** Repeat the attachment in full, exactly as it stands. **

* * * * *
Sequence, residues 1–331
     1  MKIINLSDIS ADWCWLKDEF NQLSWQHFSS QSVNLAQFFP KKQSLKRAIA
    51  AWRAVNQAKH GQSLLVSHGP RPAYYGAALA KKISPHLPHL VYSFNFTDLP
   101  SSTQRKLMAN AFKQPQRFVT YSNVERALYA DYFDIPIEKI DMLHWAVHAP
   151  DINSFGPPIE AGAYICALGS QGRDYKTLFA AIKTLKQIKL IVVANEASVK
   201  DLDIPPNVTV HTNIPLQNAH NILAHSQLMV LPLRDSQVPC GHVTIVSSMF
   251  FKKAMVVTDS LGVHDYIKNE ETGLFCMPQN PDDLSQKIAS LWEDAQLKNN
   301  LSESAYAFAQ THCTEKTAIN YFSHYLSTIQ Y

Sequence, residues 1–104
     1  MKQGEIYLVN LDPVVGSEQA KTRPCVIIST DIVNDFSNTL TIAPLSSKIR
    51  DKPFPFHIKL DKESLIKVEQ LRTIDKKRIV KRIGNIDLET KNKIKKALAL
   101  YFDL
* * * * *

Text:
Sequence, residues 1–331
     1  MKIINLSDIS ADWCWLKDEF NQLSWQHFSS QSVNLAQFFP KKQSLKRAIA
    51  AWRAVNQAKH GQSLLVSHGP RPAYYGAALA KKISPHLPHL VYSFNFTDLP
   101  SSTQRKLMAN AFKQPQRFVT YSNVERALYA DYFDIPIEKI DMLHWAVHAP
   151  DINSFGPPIE AGAYICALGS QGRDYKTLFA AIKTLKQIKL IVVANEASVK
   201  DLDIPPNVTV HTNIPLQNAH NILAHSQLMV LPLRDSQVPC GHVTIVSSMF
   251  FKKAMVVTDS LGVHDYIKNE ETGLFCMPQN PDDLSQKIAS LWEDAQLKNN
   301  LSESAYAFAQ THCTEKTAIN YFSHYLSTIQ Y

Sequence, residues 1–104
     1  MKQGEIYLVN LDPVVGSEQA KTRPCVIIST DIVNDFSNTL TIAPLSSKIR
    51  DKPFPFHIKL DKESLIKVEQ LRTIDKKRIV KRIGNIDLET KNKIKKALAL
   101  YFDL